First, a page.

How to tame enterprise communications services

Voice, video, email, file sharing, collaboration – organizations need a solid strategy to assure more manageable, cost-effective, and secure enterprise communications.

Communications capabilities are essential to the success of organizations everywhere. Voice, email, text messaging, multimedia messaging, file sharing, streaming video, conferencing, collaboration, and more – you can’t do business without them. But as traffic volumes and the number of communications services in use continue to grow, so do the IT and operational challenges.

Communications services have historically been provisioned by, and are of course still widely available from, broadband landline and wireless carriers who seek value-added revenue to offset the commodity nature of their “big dumb pipe” core businesses. But there are also numerous third-party solution suppliers, private implementations, and unified communications (UC) product and service capabilities. In addition, an increasing number of cloud-based services – many of which are often aimed squarely at consumer end-users rather than organizations – are seeing significant organizational application, and unfortunately often via backdoor or shadow-IT routes.

This robust array of alternatives has created an organizational communications-services landscape that is both large and complex, with challenges related to cost, reliability, interoperability, compliance, management visibility, and security that absolutely must be addressed.

How to build a strategic framework for communications

What’s the difference between overall organizational success and results that otherwise fall short? Often the differentiating element is the strategic application of multi-modal, high-availability communications capabilities.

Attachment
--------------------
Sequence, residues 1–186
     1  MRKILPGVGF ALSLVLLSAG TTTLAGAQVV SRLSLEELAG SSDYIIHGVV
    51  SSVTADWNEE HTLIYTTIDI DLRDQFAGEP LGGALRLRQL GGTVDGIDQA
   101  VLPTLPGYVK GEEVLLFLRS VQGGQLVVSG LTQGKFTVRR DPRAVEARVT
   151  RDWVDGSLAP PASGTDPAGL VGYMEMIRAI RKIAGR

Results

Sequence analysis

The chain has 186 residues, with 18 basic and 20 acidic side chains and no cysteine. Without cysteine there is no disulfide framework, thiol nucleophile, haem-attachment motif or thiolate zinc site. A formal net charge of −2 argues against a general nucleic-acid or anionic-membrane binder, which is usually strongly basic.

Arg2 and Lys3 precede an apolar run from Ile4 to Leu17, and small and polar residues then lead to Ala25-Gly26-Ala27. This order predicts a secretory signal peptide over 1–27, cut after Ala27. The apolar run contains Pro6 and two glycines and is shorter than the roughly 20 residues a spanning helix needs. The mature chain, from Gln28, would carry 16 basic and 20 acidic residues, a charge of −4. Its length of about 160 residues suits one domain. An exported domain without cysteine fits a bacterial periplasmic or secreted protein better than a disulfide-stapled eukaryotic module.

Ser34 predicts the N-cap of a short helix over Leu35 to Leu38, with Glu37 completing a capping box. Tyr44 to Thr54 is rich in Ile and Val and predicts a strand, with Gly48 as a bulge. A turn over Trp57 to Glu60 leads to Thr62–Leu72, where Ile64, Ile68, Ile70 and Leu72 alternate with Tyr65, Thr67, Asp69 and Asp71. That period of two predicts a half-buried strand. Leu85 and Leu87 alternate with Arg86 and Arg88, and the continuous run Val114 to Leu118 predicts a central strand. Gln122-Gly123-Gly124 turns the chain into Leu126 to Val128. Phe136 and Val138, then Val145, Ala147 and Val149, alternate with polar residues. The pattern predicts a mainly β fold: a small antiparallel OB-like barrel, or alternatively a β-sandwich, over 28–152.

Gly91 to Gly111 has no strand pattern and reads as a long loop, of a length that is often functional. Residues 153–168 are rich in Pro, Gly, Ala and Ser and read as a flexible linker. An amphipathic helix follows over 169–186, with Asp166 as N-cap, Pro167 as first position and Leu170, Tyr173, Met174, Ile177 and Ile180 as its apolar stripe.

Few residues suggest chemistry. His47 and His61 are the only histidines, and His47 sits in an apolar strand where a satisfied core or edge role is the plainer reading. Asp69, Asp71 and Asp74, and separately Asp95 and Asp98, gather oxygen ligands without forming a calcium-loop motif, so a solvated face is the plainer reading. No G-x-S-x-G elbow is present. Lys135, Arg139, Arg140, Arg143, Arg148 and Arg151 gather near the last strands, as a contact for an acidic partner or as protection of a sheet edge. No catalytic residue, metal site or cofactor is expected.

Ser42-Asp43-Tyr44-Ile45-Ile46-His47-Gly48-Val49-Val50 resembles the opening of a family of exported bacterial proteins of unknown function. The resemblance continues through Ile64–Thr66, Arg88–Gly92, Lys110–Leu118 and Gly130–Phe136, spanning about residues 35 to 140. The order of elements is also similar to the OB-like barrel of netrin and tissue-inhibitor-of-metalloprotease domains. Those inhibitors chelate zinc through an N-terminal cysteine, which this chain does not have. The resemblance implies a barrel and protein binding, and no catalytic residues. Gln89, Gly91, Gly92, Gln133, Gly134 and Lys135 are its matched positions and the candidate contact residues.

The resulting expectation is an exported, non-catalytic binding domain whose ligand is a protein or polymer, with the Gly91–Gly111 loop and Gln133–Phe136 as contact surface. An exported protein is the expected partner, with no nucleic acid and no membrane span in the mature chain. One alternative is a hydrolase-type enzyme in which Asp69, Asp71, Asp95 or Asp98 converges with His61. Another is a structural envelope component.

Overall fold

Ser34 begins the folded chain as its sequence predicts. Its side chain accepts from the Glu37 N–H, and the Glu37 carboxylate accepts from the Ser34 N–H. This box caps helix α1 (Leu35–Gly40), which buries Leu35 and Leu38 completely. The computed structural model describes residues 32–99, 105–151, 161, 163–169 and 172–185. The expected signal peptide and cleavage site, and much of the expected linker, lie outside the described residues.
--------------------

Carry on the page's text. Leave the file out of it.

But with so many staff members now working remotely or otherwise mobile, and with BYOD (bring your own device) a more-than-significant element in the provisioning of both communications devices and services, it’s critical to understand demand, options, and solutions strategies that can produce the best results in any given case. There are two key elements at work here, as follows:

  • Modalities – Contemporary communications requirements extend well beyond simple voice (primarily telephone), email, and texting to data sharing, collaboration, and increasingly a wide variety of cloud-based services. It’s important to assure that all interaction models – one-to-one (calls and messages), one-to-many (for example, presentations and streaming video), and many-to-many (conferencing and collaboration) – are available and properly supported.
  • Temporal elements – It’s also important to support communications that are temporally uncoupled, meaning that the receiver need not be present during a given transmission (think voicemail, email, and texting). In this case, however, the critical elements are where and how messages are stored and archived and, always, security requirements.

These essentials lead to a number of key considerations that every organization must consider, as follows:

  • Policy – An organization-wide, written communications policy is vital, and it should include a definition of permissible communications traffic (for example, entities that can legitimately receive organizational communications; an Acceptable Use policy might also serve here), facilities, monitoring and enforcement mechanisms, support capabilities, required record-keeping (usually of transactions alone, but sometimes of content as well) along with retention mechanisms and durations, with all of these often influenced or even dictated by specific regulatory and compliance requirements.
  • Functional requirements and service set – This includes a definition of required capabilities and specific implementations, whether integrated or consisting of distinct individual services like email and messaging. IT organizations should take the lead in both definition and operations here.
  • Security and integrity – There are few concerns within IT that are greater than the security and integrity of both data and IT infrastructure, including networks, servers, cloud services, and beyond. Many users, however, are not even vaguely aware that email and texting are not at all secure without additional steps being taken, and experience shows that uneducated users will regardless commonly favor expediency over security. While local security policies enumerate specific requirements, building a culture of security is a necessary prerequisite to establishing and maintaining successful communications capabilities.
  • Cost control – As end-users, especially those traveling internationally, could indeed run up big bills on carrier networks if left to their own devices

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